Spiral Marketing: The More You Know, The More You Can Know

January 25, 2009

Social Shopping Centers

A question came up recently concerning social shopping sites such as Kanoodle, and how an ecommerce site gets traction on these “social shopping centers.”  I think the metaphor underlying these sites is the “online shopping mall” we saw in early internet companies in the mid-90s.  The problem with this metaphor is that the shopping mall was created because of a physical imperative, rather than an informational imperative – with the move out of large cities with a heavy density of retail options within walking distance of where one lived, and the rise of the suburban “bedroom communities,” people didn’t want to drive all over town to get their shopping done; thus, the rise of shopping malls.

Contrast that with the internet, where there are no physical barriers in moving from one site to the next, which leads me to question the need for the aggregation of ecommerce sites into a single portal.  I think there are a couple of arguments for such sites: 1) they aggregate multiple shops selling a certain item at a single point – but I suspect this will become more and more the province of search engines; and 2) they provide a congregating point for shoppers to share information and reviews / recommendations.  I think there is legitimacy there, and certainly there is plenty of evidence that reviews and recommendations from friends can increase conversion rates, average cart value, etc.  But I also think that more and more this functionality is being included in individual ecommerce sites, and the search engines will continue to co-opt and aggregate that information.  I also question whether an individual ecommerce site will or should, in effect, choose to compete with many other sites that sell similar merchandise in a straight up comparison, which in most cases will devolve into a price war: it should be no surprise that of those “online shopping mall” sites of the mid- to late-90s, the functionality most used on those that have survived is a price comparison feature.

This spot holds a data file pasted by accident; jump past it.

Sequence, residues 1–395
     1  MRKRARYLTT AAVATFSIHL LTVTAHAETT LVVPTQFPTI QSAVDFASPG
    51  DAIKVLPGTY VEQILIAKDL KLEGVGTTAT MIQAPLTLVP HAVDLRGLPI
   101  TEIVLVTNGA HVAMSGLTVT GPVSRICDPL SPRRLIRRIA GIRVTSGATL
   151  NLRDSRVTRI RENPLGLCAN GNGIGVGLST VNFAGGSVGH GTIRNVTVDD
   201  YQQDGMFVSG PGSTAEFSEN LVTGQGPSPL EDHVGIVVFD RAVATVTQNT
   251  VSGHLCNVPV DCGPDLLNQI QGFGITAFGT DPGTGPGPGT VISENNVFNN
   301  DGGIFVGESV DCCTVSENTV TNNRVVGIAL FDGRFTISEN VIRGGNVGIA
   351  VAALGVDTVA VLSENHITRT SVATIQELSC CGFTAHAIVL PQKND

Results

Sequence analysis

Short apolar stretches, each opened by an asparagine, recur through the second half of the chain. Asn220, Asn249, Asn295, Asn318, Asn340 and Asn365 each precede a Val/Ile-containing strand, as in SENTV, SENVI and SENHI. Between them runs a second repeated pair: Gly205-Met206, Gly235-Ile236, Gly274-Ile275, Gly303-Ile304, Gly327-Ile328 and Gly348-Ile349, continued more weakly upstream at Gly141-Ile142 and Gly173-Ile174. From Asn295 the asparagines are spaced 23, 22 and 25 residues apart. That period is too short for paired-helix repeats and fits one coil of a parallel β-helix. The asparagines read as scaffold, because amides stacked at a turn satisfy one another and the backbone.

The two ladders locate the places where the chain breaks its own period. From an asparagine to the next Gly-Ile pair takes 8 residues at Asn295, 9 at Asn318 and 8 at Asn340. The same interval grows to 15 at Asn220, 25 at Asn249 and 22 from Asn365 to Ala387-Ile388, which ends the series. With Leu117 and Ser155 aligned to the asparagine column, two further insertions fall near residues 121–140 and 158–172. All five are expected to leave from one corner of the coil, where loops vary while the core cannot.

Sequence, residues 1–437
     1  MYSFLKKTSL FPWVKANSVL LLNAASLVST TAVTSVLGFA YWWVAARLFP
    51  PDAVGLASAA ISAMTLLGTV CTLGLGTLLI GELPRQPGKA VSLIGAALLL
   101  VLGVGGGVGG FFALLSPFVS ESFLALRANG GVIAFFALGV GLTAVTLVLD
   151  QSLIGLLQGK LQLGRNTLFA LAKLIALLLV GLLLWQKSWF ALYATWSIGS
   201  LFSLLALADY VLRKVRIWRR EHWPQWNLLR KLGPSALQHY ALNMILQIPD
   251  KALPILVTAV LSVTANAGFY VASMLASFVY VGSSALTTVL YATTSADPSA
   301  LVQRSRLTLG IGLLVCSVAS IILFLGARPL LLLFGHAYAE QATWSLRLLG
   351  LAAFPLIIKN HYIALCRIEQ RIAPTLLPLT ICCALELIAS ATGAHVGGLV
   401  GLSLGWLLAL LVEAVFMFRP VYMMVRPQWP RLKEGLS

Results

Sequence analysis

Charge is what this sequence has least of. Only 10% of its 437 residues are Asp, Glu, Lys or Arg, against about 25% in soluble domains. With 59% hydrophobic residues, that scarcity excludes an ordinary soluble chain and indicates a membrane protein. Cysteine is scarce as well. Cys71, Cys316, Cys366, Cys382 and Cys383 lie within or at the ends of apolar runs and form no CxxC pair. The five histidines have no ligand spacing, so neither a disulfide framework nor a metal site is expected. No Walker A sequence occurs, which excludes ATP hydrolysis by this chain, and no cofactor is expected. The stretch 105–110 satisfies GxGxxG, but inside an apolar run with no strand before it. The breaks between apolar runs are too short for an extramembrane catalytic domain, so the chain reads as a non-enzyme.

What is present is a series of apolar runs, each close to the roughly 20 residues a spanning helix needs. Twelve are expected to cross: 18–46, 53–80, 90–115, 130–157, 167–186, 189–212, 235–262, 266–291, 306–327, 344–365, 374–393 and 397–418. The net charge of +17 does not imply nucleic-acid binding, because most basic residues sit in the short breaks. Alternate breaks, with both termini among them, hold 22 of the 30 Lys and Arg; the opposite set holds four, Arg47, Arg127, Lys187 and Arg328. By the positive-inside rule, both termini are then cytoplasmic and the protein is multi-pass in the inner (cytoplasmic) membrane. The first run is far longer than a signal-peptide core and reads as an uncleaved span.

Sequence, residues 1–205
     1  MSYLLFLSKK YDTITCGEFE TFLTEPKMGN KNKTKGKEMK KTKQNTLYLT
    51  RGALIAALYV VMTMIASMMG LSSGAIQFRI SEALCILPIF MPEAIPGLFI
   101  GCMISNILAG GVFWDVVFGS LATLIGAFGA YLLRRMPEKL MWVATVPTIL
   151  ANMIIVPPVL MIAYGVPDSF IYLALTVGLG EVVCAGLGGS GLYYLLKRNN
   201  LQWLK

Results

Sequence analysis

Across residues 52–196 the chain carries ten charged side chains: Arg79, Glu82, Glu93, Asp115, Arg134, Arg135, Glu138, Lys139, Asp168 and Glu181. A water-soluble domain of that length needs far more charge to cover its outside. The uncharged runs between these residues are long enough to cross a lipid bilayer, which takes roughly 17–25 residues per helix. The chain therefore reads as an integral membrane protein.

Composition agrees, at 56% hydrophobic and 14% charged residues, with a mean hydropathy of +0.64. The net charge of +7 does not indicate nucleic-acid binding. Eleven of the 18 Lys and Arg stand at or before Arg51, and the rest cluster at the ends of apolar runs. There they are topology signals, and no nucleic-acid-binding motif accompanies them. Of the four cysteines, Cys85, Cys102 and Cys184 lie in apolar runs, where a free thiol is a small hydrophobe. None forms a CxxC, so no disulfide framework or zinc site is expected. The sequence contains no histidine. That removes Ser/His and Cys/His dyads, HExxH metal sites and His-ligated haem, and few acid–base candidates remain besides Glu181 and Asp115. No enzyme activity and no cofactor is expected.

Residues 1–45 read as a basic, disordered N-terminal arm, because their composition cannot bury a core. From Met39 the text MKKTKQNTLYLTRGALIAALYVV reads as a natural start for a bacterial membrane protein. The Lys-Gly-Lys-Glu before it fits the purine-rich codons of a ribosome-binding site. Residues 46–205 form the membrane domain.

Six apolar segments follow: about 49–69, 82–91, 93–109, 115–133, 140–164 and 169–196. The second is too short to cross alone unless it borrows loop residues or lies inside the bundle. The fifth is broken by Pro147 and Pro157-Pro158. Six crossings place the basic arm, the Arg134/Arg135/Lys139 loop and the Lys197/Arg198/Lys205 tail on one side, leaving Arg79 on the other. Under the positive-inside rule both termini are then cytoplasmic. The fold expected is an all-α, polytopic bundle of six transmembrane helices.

So the real flaw in this concept, in my opinion, is that for this model to be effective, each of these sites has to become its own social network, get and keep its own audience, and compete with every other social network.  I think that this compartmentalization of interests is bound to fail beyond one’s “personal” social network and “professional” social network, because we don’t compartmentalize our interests to that degree in social intercourse.

These sites won’t go away completely – I just think we will see, as we did in the past, that those sites in virtual space predicated on metaphors that evolved from physical world constraints ultimately will have a much more limited reach than one would think based upon looking at the reach of personal or professional social networks.

I think, therefore, that it is up each ecommerce site to develop its own social content – primarily reviews and recommendations – and then determine how to place that content on the broader social networks (and you still can’t ignore the search engines) to draft off of their much larger, much more active user base.

My two cents worth . . .


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